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Letter To The Editor: Competitive tendering a better, fairer way to protect the public’s interest

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To the Editor, It is not surprising to see Patrick Dillon and Ron Johnson criticizing the City of Sault Ste. Marie for studying the benefits of open tendering in their city.

Both are the heads of organizations who are direct beneficiaries of the monopoly on construction projects in that city.

The Interior Systems Contractors Association of Ontario, which Mr. Johnson leads, represents companies that are affiliated with the union that holds the monopoly. And both gentlemen have made incorrect assertions about Cardus in recent days, which I would like to correct.

The fact that competition leads to better value is very well substantiated in law and fact — not "right-wing" thinking as Dillon and Johnson claim.

It is, in fact, the almost universal consensus among economists today.

University of Toronto economist Morley Gunderson and I co-authored a Cardus report, which found that open competition for municipal construction contracts could lead to savings of eight to 25 per cent on project costs.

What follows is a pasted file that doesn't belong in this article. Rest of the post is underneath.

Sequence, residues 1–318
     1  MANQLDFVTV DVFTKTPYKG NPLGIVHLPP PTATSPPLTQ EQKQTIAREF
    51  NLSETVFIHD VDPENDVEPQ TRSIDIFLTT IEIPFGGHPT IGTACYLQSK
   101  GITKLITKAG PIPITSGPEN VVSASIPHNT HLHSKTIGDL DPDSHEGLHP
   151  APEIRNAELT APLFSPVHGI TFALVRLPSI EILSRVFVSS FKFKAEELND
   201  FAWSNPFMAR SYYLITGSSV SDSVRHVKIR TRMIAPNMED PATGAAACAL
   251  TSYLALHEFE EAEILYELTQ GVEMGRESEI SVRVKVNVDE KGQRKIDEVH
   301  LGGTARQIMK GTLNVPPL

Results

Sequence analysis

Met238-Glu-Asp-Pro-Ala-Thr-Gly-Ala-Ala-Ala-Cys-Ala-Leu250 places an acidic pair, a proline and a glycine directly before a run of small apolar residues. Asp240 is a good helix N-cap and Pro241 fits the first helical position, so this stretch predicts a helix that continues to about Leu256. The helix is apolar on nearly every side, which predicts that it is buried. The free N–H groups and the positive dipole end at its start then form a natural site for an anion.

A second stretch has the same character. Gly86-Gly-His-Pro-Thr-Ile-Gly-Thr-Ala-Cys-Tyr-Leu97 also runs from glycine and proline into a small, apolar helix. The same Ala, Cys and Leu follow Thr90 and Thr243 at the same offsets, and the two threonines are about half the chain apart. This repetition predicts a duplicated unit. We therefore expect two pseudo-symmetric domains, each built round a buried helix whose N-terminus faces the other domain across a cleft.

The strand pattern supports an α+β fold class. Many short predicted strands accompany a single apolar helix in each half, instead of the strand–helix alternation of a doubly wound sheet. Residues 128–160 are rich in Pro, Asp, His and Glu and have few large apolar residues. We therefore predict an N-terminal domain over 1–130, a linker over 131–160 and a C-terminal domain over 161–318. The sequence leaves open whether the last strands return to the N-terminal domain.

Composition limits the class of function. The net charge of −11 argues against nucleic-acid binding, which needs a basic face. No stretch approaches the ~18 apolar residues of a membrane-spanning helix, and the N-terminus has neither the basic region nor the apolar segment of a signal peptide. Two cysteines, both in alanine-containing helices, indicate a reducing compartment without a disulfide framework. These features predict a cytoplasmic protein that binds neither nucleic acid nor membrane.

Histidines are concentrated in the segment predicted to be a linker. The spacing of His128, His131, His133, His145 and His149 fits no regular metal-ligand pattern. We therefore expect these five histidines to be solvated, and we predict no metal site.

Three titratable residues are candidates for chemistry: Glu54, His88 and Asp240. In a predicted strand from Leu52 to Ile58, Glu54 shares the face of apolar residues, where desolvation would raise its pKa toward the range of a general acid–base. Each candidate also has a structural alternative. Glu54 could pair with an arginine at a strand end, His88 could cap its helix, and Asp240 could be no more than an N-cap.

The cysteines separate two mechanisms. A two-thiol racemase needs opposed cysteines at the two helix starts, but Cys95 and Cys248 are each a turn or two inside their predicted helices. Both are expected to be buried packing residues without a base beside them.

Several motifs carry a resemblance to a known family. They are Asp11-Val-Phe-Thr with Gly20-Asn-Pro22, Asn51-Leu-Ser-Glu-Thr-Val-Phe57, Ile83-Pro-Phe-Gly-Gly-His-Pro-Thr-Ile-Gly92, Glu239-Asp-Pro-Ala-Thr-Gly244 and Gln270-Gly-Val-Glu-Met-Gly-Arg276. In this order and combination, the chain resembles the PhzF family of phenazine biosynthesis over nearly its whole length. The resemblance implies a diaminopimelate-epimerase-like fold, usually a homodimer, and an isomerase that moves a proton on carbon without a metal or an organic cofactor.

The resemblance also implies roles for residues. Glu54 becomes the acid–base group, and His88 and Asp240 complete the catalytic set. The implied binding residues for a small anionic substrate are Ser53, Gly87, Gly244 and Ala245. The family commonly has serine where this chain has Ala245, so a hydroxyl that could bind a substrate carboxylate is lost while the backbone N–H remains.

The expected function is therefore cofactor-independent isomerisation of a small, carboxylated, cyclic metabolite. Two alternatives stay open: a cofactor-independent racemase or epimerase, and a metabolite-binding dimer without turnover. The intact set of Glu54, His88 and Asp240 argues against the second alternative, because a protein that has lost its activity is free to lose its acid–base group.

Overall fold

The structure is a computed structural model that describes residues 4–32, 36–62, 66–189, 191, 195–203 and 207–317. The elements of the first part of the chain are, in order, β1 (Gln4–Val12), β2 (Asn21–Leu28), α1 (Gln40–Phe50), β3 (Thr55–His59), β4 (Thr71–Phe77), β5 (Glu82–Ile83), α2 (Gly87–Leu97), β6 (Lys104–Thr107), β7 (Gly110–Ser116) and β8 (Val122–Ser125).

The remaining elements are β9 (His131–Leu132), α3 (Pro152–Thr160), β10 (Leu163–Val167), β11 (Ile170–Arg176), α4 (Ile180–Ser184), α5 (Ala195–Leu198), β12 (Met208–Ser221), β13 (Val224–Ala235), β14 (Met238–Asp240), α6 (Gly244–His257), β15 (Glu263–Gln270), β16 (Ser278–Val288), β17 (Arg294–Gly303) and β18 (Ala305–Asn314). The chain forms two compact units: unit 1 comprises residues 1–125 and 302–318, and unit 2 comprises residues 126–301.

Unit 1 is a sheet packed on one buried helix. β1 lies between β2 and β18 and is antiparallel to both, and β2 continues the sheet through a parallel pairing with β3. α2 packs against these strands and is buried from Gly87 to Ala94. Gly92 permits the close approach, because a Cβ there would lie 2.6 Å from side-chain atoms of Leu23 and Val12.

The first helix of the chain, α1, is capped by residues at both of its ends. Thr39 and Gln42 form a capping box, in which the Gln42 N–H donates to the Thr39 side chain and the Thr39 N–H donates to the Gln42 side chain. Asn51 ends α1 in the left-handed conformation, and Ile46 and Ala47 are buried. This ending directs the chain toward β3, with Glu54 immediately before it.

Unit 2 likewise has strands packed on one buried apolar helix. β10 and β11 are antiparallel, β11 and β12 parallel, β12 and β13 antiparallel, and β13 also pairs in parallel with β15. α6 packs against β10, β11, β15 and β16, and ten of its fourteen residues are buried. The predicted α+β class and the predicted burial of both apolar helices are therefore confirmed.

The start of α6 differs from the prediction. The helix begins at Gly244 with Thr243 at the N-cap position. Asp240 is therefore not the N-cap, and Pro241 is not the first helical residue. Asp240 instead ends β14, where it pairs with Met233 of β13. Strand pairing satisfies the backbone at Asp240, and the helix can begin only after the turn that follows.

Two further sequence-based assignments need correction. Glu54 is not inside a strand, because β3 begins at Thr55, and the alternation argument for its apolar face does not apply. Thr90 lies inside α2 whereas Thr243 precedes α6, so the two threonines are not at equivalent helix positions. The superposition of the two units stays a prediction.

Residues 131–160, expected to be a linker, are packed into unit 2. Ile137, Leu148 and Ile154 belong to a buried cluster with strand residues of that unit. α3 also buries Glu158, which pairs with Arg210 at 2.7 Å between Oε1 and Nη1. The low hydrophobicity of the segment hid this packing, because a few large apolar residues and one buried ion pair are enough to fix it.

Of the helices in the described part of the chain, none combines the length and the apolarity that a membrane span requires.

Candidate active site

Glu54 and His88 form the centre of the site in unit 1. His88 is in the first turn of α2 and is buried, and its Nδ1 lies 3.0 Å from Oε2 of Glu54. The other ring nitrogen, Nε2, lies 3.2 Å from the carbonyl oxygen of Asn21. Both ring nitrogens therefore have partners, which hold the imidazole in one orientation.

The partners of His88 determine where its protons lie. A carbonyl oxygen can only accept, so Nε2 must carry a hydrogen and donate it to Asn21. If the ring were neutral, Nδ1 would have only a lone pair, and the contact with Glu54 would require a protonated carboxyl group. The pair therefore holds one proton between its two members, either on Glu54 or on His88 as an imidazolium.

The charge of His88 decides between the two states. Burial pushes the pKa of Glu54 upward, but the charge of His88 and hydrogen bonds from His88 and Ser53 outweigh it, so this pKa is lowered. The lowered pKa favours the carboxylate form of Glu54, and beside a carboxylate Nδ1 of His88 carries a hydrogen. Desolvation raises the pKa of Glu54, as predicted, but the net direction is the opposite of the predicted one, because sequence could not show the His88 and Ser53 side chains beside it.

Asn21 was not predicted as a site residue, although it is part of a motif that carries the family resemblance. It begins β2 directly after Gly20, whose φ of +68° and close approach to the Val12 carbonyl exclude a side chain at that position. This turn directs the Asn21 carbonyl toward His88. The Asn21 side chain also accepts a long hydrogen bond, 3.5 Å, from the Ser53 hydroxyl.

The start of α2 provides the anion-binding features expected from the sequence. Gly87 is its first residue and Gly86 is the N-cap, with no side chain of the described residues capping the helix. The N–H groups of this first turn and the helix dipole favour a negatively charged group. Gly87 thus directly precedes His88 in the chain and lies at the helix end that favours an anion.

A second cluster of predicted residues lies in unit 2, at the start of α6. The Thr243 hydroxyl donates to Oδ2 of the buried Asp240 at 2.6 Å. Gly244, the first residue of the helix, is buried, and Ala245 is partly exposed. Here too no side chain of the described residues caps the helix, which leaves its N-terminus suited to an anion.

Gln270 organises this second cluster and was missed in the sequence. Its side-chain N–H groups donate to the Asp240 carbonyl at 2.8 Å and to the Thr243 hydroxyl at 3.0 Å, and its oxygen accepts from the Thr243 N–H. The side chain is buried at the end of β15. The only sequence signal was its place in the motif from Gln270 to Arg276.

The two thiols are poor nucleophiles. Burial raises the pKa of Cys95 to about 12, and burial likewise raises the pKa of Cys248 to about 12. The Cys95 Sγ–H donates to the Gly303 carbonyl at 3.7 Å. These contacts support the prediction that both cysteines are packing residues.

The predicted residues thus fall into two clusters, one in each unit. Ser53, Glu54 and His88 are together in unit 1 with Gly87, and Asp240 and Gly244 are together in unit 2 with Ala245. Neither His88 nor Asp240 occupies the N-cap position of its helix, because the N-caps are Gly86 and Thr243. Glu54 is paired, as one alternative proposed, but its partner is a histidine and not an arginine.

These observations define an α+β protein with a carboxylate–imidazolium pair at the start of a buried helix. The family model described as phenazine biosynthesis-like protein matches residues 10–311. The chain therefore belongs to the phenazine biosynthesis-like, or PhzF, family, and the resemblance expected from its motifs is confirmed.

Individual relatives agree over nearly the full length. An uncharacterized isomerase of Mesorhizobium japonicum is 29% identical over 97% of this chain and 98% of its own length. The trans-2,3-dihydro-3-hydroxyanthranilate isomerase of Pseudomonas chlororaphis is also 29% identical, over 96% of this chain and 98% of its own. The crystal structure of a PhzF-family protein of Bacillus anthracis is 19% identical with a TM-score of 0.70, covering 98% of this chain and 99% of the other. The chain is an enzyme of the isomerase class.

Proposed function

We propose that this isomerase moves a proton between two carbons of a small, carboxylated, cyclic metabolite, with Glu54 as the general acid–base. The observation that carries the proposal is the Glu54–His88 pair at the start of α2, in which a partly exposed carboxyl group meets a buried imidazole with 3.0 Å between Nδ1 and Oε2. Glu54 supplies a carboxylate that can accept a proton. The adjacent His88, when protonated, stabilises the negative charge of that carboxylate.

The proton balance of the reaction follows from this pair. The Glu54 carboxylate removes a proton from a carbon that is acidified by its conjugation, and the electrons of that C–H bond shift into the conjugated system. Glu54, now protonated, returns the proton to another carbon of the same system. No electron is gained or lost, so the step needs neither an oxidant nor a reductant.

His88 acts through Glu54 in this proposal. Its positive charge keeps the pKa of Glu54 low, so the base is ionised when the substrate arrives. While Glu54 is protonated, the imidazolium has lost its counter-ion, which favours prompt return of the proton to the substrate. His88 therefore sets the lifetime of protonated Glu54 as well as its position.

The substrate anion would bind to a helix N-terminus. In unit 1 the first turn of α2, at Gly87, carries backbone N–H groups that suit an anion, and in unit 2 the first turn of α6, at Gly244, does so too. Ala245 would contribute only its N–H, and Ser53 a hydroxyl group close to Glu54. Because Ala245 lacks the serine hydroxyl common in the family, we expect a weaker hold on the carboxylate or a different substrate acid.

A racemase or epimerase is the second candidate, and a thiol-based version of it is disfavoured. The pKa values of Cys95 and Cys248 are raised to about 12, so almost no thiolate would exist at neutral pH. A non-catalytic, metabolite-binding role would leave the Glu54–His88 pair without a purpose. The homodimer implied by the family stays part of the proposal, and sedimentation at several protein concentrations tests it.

And leading procurement expert Stephen Bauld and I co-authored a paper which notes that closed tendering is not considered best practice.

Moreover, the OECD, governments of all leading Western economies and even the Province of Ontario’s procurement directives all underline the importance of competition in procurement for fairness and taxpayer value.

Work that is paid for by all — as publicly funded construction projects are — should be accessible to all who are qualified, regardless of the private affiliations of workers on a given project.

Finally, our prediction that costs for tradespersons in construction would rise under the Ontario College of Trades (OCOT) was justified. As we note in our paper, costs rose from approximately $20 per year per tradesperson before the OCOT came into existence to approximately $120 per year per tradesperson now. That represents a six-fold increase in costs.

Dillon and Johnson are entitled to their opinions, but best procurement practice and economic data suggests that competitive tendering is a better, and fairer, way to protect the public interest.

Brian Dijkema

Work and Economics Program

Director at Cardus

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